Three-dimensional (3-D) printing, also known as additive manufacturing, is a process that allows solid, three-dimensional objects to be produced from digital models. These objects are created by building successive layers of material into a final 3-D piece. This technology was initially viewed as an efficient prototype generator. Its use has since expanded to production of finished, market-ready goods.
3-D printing allows more flexibility to create complex and customized designs. It also means more simplified assembly—and in some cases, no assembly at all—which could dramatically change supply chains. 3-D printing can also foster innovation and new product development. But until recently, the technology had not been technically advanced or cost-effective enough to be a practical alternative for most end-product or high-volume commercial manufacturing purposes.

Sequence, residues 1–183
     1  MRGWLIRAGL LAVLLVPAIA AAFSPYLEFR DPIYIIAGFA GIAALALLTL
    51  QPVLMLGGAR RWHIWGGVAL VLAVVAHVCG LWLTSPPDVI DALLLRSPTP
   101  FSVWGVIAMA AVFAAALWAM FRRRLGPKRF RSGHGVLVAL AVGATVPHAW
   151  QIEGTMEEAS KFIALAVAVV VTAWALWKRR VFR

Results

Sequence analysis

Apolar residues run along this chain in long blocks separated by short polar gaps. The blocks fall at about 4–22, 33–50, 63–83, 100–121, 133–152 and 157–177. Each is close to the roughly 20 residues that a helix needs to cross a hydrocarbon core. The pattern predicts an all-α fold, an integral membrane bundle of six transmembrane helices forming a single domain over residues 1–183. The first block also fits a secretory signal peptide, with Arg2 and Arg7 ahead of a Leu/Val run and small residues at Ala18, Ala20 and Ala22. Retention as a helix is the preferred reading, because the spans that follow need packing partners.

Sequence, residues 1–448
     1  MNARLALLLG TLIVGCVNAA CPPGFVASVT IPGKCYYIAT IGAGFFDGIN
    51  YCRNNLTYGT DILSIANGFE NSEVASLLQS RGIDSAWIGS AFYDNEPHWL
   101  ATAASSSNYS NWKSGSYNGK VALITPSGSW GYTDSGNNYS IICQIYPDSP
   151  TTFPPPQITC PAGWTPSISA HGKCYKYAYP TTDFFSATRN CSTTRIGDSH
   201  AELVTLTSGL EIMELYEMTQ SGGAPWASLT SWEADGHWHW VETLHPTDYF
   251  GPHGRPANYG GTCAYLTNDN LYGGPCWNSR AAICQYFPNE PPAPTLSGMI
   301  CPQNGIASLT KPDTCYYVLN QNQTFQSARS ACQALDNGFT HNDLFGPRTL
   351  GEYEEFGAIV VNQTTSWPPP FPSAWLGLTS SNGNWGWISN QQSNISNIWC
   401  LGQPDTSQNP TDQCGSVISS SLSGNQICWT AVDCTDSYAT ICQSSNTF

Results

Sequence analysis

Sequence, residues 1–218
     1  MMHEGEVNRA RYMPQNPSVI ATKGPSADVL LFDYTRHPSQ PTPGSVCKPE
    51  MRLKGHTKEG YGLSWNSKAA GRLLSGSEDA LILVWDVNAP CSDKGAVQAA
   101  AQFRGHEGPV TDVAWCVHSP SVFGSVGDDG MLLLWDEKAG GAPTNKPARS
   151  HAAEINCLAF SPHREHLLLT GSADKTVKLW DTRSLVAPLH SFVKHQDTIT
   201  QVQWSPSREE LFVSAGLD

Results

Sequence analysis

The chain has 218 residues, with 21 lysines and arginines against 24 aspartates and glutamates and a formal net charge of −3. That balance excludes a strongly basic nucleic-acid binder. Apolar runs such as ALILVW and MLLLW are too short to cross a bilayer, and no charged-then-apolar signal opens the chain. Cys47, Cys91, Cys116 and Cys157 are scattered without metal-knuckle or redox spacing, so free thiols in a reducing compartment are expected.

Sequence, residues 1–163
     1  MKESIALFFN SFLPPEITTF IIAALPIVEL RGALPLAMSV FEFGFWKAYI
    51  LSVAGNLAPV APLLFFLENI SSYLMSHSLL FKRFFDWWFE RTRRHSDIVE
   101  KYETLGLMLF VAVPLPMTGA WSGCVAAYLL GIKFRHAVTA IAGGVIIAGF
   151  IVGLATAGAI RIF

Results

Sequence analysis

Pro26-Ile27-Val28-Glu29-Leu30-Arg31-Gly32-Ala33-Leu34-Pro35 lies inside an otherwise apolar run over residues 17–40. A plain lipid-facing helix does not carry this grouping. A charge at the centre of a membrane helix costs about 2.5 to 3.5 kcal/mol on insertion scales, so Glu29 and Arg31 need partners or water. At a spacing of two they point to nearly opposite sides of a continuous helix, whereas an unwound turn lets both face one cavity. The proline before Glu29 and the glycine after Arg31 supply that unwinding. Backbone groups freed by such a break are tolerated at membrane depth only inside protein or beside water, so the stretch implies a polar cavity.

Boards will want to understand the opportunities 3-D printing may present for the company’s strategy. Here are some questions boards can ask: